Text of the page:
Over the Christmas holiday, Macon County saw some of the worst flooding in 15 years…

…resulting in hundreds of thousands of dollars to both private and public properties throughout the county. Because Macon County did not qualify to receive funding assistance from state programs, and with a $500,000 deductible to reach for insurance, County Manager Derek Roland requested $67,000 from the county on Tuesday night to fund the damage cleanup around Macon County.

“County maintenance crews have been diligently working to clean up debris like fallen trees and clear sand from the Greenway since the December flooding occurred,” said Roland. “Now we need to look at the other costs and needs to get our county back to where it needs to be.”

Roland outlined the $67,000 in damages, the bulk of which sits at $40,960 for Macon County Youth Football equipment that was damaged in the flooding. Youth football had all of their essential equipment needed for the upcoming season stored at Fox Ridge, also known as Cullasaja Park. The park was completely engulfed with flood waters, soiling the shoulder pads and helmets that were kept inside the building at the park. Because flood waters are considered contaminated, the equipment couldn’t be salvaged, leaving the youth football association to have to throw it all out and start from scratch. The $40,960 in damages are for the bare necessities to be able to have a football season this year, and doesn’t include all of the uniforms and extra pieces that were also lost but will ideally replaced as the season commences.

Roland informed commissioners that measures will be taken in the future to avoid equipment from being damaged again. The football youth association is currently looking at grants to renovate the building to add a second story, which would keep equipment out of flood waters in the event such catastrophic flooding occurs again.

The Macon County Soccer Program, which is housed at the fields at the Industrial Park was also impacted by the flooding. The field’s irrigation pump was damaged and the netting around the goals was destroyed and molded. To repair those damages, Roland informed commissioners that $5,300 would be needed.

The fencing at both parks also needed to be replaced and mold removal occurred at both structures, accounting for another $5,162.

The creek lining the banks of the Parker Meadows Recreation Park overflowed and resulted in the bubbling up of the asphalt along the walking trail, needing to be replaced at a cost of $2,000. The walking trail damage was the only damage to Parker Meadows.

Much of the damage to the Greenway has already been cleaned up by county workers and included a lot of debris clearing. In addition to removing sand and clearing branches that were left after the Little Tennessee flooded, $4,740 was needed for grading costs to replace the undermined road at Fox Ridge and an additional $1,920 was needed for the tables, trashcans, and fencing throughout the Greenway that were damaged.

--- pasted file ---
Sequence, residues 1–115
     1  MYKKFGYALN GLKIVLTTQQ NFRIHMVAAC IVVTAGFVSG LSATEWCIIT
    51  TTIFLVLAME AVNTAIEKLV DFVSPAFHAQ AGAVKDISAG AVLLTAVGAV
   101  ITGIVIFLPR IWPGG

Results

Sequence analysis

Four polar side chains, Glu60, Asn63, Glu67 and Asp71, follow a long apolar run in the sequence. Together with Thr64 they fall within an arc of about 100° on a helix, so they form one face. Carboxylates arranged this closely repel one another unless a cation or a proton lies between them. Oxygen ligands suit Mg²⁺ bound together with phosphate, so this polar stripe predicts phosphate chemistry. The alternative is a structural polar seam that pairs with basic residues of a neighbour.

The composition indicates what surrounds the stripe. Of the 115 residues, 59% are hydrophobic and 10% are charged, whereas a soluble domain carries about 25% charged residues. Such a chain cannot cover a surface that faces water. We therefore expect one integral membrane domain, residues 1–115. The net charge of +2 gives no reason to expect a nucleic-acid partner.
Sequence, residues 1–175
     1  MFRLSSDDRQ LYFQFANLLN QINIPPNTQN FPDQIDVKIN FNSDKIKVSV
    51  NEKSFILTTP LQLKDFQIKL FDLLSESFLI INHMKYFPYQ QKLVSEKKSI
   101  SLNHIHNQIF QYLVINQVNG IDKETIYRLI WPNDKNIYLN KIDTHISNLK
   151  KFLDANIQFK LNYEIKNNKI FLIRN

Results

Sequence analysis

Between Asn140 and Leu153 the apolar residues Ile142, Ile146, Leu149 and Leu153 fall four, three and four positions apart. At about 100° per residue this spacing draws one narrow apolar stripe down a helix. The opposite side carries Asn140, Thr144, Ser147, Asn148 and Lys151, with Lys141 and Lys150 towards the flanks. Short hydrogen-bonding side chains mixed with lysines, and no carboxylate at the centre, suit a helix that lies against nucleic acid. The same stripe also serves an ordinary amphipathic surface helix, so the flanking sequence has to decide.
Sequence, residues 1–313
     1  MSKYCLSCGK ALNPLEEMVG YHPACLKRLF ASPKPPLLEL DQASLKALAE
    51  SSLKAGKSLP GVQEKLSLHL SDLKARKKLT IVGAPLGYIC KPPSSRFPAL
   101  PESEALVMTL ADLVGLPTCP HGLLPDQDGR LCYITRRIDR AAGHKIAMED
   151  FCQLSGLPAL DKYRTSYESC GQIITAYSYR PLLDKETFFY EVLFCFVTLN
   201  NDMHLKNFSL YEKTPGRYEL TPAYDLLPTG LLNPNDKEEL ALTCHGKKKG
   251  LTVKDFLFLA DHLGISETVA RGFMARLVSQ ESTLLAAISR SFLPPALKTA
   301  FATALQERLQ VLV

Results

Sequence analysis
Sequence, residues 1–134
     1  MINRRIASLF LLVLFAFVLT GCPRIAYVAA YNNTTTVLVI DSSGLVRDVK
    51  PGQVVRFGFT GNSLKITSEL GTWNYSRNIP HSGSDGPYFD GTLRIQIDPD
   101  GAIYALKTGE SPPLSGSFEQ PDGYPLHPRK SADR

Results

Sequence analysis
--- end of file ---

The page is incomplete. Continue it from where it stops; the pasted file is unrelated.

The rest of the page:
The county’s flooding costs also included $6,856 for Southwestern Community College to replace the burn building panels.

Roland informed commissioners that after speaking with a local insurance agency, it wouldn’t make financial sense for the county to insure the buildings at Cullasaja Park and the Industrial Park, because the annual premiums, paired with the deductible the county would have to meet in order to qualify for assistance, would be far greater than the cost to repair the damages in the event such flooding recurs.

Macon County commissioners voted to unanimously to allocate the $67,000 to repair damages associated with the December rains.

Britney Raby – Staff Writer

2 COMMENTS

  1. I am in complete shock that Macon County did not qualify for State assistance seeing how much damage was done. Frankly it is incomprehensible for me. The county came and looked at our road and we have been told it would take WAY to much money to fix…somewhere in the high 6 figures and that is for our road alone so the threshold for the damage should have easily been met. We live in Mountain Breeze Road and gave a small bridge going over Skeenah. This bridge only has one pipe underneath. When 441 was upgraded 2 pipes where places under highway…back then it should have been checked what those two pipes flow into..namely one pipe. This has created a flood zone after ever major road. We have been cut off from leaving the mountain three times in 4/weeks. I can not believe that the county and state are telling us that we don’t qualify for any assistance through the state of emergency program especially since this situation has been caused by improper planning of the highway upgrade. This is affecting 15 homes many of which are seniors and it is not just a matter of people stuck in their homes. The fact is that this bridge situation preve ts ANY first responder to come into this residential neighborhood. I happen to be a federally accredited Rescue Worker and find this situation not only completely unacceptable. How can it be that we did not qualify for State.assistance????

  2. $67k? Can’t it just dry out? Or we use some shop vac if we’re in a hurry? Why store football equipment in flood zone? It can’t be washed and cleaned? This makes no sense. This is crazy. This is insanity.

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